Tennis: A Jags and riches story

Ronald Atkin says Jan-Michael Gambill is the new age model
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The Independent Online
TENNIS PLAYERS tend to react to defeat by trashing the locker- room, destroying their rackets or weeping quietly. When Jan-Michael Gambill lost here on Wednesday he went out and bought a car. A Jaguar. His fifth.

At 21, Gambill has rocketed from obscurity a year ago to 31 in the rankings. As America's fourth-ranked player, he must logically be included when the US team to face Britain at Birmingham next month is announced, since Pete Sampras and Andre Agassi have confirmed their lack of interest.

Selection would be wonderful news for the six-footer with the blond hair and bright blue eyes more normally associated in these parts with people who ride surfboards. It would be "awesome", he says, to be on the team, but almost as awesome would be the chance to visit Jaguar's production line and museum near Coventry. "I wouldn't miss that for the world," he said. "They have lots of one-of-a-kind cars in that museum. I'll be drooling."

Gambill's love affair with Jaguars began as a child. "Riding in my mom's XJ6 I used to feel comfortable and safe. That kind of carried through, plus I always loved the look of Jags. Cats are my favourite animal anyway, and they look like cats, ready to pounce."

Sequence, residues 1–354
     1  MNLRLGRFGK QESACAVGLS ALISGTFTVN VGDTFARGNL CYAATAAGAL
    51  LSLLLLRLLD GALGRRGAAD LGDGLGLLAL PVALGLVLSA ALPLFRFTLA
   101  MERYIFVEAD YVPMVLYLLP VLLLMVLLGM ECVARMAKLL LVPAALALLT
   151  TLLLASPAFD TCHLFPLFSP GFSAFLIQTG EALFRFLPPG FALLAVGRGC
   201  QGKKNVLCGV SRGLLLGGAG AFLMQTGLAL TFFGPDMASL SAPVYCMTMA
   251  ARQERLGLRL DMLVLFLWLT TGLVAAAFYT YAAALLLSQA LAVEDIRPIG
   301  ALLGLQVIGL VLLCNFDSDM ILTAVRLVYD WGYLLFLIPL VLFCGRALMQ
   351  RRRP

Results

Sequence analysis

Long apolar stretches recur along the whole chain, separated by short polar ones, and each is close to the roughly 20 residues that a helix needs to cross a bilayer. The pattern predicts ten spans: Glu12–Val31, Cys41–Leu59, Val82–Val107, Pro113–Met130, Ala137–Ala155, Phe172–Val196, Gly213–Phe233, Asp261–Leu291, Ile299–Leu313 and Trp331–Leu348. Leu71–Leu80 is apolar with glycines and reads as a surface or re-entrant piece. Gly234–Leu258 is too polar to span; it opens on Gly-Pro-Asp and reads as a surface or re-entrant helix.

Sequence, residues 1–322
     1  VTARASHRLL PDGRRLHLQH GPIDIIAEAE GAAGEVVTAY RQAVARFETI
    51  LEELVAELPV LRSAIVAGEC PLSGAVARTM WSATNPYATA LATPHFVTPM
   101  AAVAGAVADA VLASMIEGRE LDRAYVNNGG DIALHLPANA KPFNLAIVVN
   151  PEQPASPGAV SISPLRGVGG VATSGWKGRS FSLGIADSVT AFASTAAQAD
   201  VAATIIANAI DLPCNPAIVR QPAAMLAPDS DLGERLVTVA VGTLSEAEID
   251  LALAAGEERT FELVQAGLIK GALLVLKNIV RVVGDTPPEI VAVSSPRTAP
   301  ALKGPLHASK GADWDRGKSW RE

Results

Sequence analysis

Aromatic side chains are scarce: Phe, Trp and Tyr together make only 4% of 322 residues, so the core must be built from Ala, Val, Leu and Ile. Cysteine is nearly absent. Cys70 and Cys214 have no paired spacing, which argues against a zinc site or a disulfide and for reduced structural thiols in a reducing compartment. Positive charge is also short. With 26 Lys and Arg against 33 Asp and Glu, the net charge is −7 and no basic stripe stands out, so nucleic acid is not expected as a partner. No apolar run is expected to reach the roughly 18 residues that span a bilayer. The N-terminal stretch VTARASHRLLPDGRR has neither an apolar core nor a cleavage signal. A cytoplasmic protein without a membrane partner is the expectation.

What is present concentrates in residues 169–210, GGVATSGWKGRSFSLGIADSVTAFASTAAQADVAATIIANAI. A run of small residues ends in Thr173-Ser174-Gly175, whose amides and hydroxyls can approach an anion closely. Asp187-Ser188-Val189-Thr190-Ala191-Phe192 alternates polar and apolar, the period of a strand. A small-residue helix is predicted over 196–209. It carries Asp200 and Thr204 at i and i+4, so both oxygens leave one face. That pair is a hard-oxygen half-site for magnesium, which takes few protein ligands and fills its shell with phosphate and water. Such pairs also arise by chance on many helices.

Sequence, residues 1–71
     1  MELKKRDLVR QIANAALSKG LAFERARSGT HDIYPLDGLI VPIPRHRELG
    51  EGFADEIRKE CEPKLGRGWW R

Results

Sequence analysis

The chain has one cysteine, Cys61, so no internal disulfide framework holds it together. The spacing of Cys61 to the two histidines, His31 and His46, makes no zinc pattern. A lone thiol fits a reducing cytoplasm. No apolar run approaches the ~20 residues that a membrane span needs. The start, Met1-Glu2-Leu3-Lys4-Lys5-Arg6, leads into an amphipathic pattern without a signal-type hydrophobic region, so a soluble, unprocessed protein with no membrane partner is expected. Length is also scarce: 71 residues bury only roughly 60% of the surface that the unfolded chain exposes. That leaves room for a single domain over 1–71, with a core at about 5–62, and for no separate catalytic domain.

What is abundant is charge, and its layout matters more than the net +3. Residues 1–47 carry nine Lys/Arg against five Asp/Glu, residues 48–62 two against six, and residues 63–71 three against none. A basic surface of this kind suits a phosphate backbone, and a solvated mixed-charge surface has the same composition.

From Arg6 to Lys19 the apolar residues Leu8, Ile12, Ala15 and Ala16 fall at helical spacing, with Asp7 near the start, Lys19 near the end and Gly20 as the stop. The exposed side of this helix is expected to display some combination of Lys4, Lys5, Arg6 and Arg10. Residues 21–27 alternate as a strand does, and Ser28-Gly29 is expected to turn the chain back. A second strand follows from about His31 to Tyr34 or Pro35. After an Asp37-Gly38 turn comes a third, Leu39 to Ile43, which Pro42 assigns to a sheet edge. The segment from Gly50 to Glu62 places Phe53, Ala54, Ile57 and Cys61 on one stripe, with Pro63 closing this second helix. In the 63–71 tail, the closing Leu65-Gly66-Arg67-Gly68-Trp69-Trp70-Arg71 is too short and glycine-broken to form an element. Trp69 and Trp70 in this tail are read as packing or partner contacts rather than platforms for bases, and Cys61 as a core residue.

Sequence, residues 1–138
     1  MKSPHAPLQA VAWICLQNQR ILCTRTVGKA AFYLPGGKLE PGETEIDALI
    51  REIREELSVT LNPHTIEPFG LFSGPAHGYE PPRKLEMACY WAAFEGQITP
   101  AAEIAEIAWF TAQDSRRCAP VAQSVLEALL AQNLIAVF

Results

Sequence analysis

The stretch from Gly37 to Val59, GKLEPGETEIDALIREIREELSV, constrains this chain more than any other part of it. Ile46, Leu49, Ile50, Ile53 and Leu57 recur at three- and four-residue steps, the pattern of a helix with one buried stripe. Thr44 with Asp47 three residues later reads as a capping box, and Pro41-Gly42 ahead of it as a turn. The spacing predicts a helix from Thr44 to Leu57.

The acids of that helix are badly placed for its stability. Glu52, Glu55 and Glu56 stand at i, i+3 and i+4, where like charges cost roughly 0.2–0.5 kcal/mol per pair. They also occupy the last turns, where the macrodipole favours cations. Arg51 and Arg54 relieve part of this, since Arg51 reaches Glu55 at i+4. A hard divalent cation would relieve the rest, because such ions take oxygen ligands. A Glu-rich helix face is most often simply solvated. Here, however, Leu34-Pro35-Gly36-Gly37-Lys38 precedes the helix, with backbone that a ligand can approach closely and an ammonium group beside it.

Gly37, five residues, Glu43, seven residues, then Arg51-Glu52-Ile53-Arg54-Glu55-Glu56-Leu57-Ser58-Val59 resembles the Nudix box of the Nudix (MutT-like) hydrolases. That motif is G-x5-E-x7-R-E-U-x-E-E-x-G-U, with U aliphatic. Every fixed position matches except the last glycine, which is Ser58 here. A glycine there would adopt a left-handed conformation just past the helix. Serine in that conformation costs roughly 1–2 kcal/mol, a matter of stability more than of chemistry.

Defeat by Richard Krajicek here saw him heading for the showrooms to plunge on a new XJR Sedan. "The fastest, love it," he said. "It's a pretty fun hobby and I'm really lucky to be able to exercise it. I don't think there is a limit to the number of Jags I want to own, just got to be careful. I don't want to spend it all on cars."

One reason Gambill can afford the indulgence is that he still lives with his parents on a 10-acre spread in Colbert, where he stores the cars. "There is no more space so I built a big garage out of a barn which will take up to 10 cars."

Jan-Michael, who is coached by his father Chuck, got his unusual name because his mother Diane admired a B movie actor called Jan-Michael Vincent. Isn't it a wrist-aching chore when doing autographs, though? "No. I am going to continue to write out my name, hyphen and everything. If people want 'em, I don't mind that it takes longer."

Conscious of his status as a role model on and off court, Gambill is unfailingly polite, even to the most relentless of pesterers. "Hopefully, people are looking up to me and I hope I am a positive influence."

Those facing him across a tennis net receive no such deference. "I like to hit the crap out of the ball," he says. "I have the most fun when I am just ripping it." Gambill finds no problem with crowd involvement. "I like to hear people yelling out. The louder the better, as long as it's between points. I enjoy being close to the fans. I'm lucky having people interested in me and my game.

"People are looking for a young American to move up and hopefully I'll fit the bill. Right now I see the top 10 in my sights. That is my big goal. Over the last year I have learned so much. My volleys have improved 100 per cent and I'm a lot more court-wise."

Many are more interested in Gambill's face than his two-fisted forehand. "Guys get to watch Anna Kournikova so it's only fair the girls get Jan- Michael," said 12-year-old Jennifer Riley. After he beat Andre Agassi at Indian Wells a year ago, model agency representatives threw their business cards on court and Agassi quipped: "If Dennis Rodman saw Jan-Michael take his shirt off he would put on a dress and go out with him."

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